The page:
The Self-Directed Roth IRA Structure has been in use for some 35 years. The Tax Court and the IRS have firmly established that the funding of a new entity by an IRA for self-directing assets was a permitted transaction and not prohibited pursuant to Code Section 4975. In fact, the IRS, in an advisory memorandum to audit agents, confirmed that a newly established entity owned by an IRA and managed by the IRA owner may make investments using IRA funds without violating the prohibited transaction rules under Internal Revenue Code Section 4975.

The Roth IRA

In 1997, Congress, under the Taxpayer Relief Act, introduced the Roth IRA to be like a traditional IRA, but with a few attractive modifications. The big advantage of a Roth IRA is that if you qualify to make contributions, all distributions from the Roth IRA are tax-free – even the investment returns – as long as the distributions meet certain requirements. In addition, unlike traditional IRAs, you may contribute to a Roth IRA for as long as you continue to have earned income (in the case of a traditional IRA, you can’t make contributions after you reach age 70 and 1/2). The rules for the Roth IRA are found in the Internal Revenue Code under Section 408A.

What is a Roth IRA?

A Roth IRA is an IRA that the owner designates as a Roth IRA. ASelf Directed IRA LLC Roth IRA is generally subject to the rules for Traditional IRAs. For example, traditional and Roth IRAs and their owners are identically affected by the rules treating an IRA as distributing its assets if the IRA engages in a prohibited transaction or the owner borrows against it. The reporting requirements for IRAs also apply to Roth IRAs. However, several rules, described below, apply uniquely to Roth IRAs.

The most attractive feature of the Roth IRA is that even though contributions are not deductible, all distributions, including the earnings and appreciation on all Roth contributions, are tax-free if certain conditions are met.

Roth IRA Characteristics

The following is an overview of the tax characteristics of the Roth IRA

  • Contributions are not Tax-Deductible: Unlike a Traditional IRA, an individual is not permitted to take an income tax deduction for their Roth IRA contributions. All Roth IRA contributions are made with after-tax dollars. What this means is that the amount of the contribution is treated as basis in the IRA.
  • Earnings are Tax-Deferred: Earnings and gains from a Roth IRA are tax-deferred and may be tax-exempt if certain conditions are met. What this means is that all income and gains generated by a Roth IRA investment are not subject to income tax.
  • Tax-Free Earnings: The attraction to the Roth IRA is based on the fact that qualified distributions of Roth earnings are tax-free. As long as certain conditions are met and the distribution is a qualified distribution (the Roth IRA has been established for greater than five years and the Roth IRA owner is over the age of 59 and 1/2), the Roth IRA owner will never pay tax on any Roth distributions received.

The Self-Directed Roth IRA LLC structure has become a popular choice for gaining total investment control (“checkbook control”) over IRA funds and making investments tax-free. In each case, a limited liability company (“LLC”) is established that is owned by the IRA account and managed by the IRA account holder. The IRA Holder’s IRA funds are then transferred by the Custodian to the LLC’s bank account providing the IRA holder with “checkbook control” over his or her IRA funds.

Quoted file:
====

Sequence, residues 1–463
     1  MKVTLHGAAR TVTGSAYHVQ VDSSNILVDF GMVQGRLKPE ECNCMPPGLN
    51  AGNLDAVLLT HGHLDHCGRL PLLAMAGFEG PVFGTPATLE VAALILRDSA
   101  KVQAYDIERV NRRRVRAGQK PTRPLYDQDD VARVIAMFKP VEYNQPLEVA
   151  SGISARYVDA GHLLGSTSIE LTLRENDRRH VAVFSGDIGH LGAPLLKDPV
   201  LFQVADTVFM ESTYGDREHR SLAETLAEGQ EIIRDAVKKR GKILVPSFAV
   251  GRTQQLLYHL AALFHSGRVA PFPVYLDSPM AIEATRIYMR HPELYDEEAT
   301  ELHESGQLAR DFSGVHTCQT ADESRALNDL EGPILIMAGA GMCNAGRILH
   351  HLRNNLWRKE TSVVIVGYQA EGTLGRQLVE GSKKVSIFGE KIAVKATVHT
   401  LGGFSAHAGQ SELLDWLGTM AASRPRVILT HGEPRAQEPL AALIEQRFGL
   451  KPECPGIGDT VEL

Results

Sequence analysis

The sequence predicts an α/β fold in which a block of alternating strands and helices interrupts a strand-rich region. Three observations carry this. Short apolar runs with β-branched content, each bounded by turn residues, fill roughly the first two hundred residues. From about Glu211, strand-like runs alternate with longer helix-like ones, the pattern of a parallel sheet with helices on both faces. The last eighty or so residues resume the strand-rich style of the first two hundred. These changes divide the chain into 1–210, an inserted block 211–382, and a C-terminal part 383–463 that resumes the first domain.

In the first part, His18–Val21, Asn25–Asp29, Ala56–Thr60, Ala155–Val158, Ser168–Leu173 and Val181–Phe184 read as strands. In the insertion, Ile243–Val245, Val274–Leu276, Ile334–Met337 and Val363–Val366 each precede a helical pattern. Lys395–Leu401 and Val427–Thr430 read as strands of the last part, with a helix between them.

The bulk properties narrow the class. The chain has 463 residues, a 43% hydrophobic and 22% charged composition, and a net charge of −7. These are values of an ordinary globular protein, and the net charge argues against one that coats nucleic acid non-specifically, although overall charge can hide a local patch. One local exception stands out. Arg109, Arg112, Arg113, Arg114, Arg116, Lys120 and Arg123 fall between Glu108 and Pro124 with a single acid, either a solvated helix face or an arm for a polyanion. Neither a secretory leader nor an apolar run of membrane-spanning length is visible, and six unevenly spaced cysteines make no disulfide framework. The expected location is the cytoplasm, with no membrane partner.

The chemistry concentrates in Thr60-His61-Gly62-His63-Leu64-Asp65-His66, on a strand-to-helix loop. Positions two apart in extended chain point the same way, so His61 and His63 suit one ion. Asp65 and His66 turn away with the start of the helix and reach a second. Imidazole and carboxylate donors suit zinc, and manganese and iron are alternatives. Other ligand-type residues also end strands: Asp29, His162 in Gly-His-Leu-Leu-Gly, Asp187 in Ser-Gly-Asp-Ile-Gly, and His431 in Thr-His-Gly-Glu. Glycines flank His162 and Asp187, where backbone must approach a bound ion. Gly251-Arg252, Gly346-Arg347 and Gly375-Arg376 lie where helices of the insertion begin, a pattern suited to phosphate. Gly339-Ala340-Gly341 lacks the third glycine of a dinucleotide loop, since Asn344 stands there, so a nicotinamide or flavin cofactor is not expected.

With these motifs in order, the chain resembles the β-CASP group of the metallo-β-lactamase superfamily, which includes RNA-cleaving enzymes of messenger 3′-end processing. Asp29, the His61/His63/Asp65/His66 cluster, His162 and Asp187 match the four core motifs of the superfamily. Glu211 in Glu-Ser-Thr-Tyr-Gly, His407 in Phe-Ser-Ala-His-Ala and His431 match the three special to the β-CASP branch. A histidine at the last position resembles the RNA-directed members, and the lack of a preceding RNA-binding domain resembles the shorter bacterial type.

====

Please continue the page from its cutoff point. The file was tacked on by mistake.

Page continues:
The IRA Financial Group was founded by a group of top law firm tax and ERISA professionals who have worked at some of the largest law firms in the United States, including White & Case LLP and Dewey & LeBoeuf LLP. We have helped thousands of clients take back control over their retirement funds while gaining the ability to invest in almost any type of investments.

With IRA Financial Group’s Self-Directed Roth IRA LLC Structure – you now can:

  • Use your retirement funds to invest in real estate and much more tax-free!
  • Take advantage of great investment opportunities in real estate, tax liens, precious metals, private businesses, and much more!
  • Gain control of your retirement funds!
  • Pay no tax on distributions
  • Purchase a home and move in tax-free at 59 and 1/2
  • Diversify your retirement portfolio!
  • Access your retirement funds to make the investments you want when you want!
  • Help grow your retirement funds tax-free!
  • Make investments quickly without delay!
  • Make investment decisions without requiring custodian consent!
  • Save on high annual custodian fees
  • Enjoy tax benefits generated by using a Self-Directed Roth IRA LLC
  • Work directly with our retirement tax professionals to establish an IRS compliant structure that works best for you and your investment goals

Our Self-Directed Roth IRA LLC Establishment Service Includes

  • Free tax consultation with our IRA Specialists
  • Setup your LLC in the State of your choice
  • Prepare and file the Articles of Organization with the State
  • Generate a special purpose, attorney-reviewed Self-Directed Roth IRA LLC Operating Agreement
  • Generate a special purpose, attorney-reviewed Subscription Agreement
  • Obtain the EIN from the IRS
  • Co-ordinate setup with the Custodian of your Choice
  • Free tax and IRA support
  • Direct access to our on-site retirement tax professionals
  • No annual fees
  • Satisfaction Guaranteed!